A local authority’s housing department must investigate the circumstances of a young person who makes a homeless application and ascertain if the applicant is in priority need.
The following categories of homeless people have a priority need for accommodation:
- pregnant women, or anyone with whom a pregnant woman is reasonably expected to reside
- people who have dependent children reasonably expected to reside with them
- people vulnerable as a result of old age, mental illness or handicap or physical disability or other special reason, and anyone reasonably expected to reside with them
- people who have lost their home as a result of fire, flood, or other disaster
- young people aged 16 or 17 years old who are not relevant children or children in need to whom social services owe a duty to provide accommodation under section 20 of the Children Act 1989
- care leavers aged 18, 19, or 20 years old who have been in care at some point after their 16th birthday, unless they are ‘relevant students’
- care leavers aged 21 years old or older who are vulnerable as a result of having been looked after, accommodated or fostered, unless they are a ‘relevant student’
- people vulnerable as a result of having been a member of Her Majesty’s regular naval, military or air forces
- people vulnerable as a result of having served a custodial sentence or been remanded in custody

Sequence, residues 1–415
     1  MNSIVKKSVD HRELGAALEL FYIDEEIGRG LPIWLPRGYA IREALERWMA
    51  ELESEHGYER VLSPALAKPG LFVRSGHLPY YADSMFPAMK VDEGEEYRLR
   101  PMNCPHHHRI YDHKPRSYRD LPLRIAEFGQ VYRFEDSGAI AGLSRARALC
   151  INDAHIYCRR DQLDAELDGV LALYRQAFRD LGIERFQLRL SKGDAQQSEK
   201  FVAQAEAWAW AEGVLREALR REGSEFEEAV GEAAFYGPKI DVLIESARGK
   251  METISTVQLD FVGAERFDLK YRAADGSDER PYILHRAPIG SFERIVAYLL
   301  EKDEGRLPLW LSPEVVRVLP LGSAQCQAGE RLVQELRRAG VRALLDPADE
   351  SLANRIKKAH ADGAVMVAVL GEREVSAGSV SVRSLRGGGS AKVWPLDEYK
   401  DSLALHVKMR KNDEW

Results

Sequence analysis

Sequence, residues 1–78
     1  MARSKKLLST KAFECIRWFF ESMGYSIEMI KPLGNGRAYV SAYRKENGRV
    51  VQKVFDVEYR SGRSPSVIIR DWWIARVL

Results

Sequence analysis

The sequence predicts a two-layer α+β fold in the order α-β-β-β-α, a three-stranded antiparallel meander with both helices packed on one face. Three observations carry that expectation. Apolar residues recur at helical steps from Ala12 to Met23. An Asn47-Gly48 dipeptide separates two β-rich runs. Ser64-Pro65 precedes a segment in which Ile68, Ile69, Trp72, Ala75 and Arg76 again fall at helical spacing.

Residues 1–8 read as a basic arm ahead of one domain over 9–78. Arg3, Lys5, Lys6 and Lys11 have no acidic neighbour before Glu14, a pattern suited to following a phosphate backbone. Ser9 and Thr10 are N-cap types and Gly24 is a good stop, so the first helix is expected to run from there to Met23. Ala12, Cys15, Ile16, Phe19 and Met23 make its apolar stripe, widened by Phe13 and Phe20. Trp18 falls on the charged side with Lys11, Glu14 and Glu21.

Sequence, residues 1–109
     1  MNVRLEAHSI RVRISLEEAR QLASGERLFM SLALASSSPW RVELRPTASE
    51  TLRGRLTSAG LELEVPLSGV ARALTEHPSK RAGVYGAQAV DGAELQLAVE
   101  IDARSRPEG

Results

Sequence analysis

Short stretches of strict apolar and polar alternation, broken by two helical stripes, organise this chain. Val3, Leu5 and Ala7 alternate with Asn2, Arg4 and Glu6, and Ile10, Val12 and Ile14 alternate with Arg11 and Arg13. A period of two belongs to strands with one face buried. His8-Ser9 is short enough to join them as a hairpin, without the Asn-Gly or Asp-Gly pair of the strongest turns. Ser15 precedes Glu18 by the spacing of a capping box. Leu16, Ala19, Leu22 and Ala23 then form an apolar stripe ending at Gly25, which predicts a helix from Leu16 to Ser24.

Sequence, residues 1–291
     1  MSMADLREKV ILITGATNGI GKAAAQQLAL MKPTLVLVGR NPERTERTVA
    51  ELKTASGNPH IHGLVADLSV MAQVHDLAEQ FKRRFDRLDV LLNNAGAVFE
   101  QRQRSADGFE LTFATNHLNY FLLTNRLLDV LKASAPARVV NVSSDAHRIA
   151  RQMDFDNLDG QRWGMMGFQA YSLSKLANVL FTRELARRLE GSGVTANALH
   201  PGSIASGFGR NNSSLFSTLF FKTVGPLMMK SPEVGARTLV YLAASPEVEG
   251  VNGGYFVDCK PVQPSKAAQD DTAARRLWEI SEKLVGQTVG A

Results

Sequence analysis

- people vulnerable as a result of having lost accommodation due to violence or threat of violence.
‘Relevant students’ are care leavers under the age of 25 in full-time further or higher education whose term-time accommodation is not available during vacation.
The definitions of care leavers aged 18 to 21 above include young people who have not been in care but have lived for a continuous minimum period of three months in either residential education accommodation paid for by the local education authority, or in residential rehabilitation accommodation paid by the NHS, or have been privately fostered.
In the case of a 16 and 17 year old, if there is any doubt as to whether they may be a ‘relevant child’ or ‘child in need’, the authority should provide interim accommodation pending clarification.
See Shelter Legal: Priority need for more information; see also Shelter Legal: Vulnerable people for how vulnerability is defined and factors that will be relevant to establishing vulnerability for a young homeless client.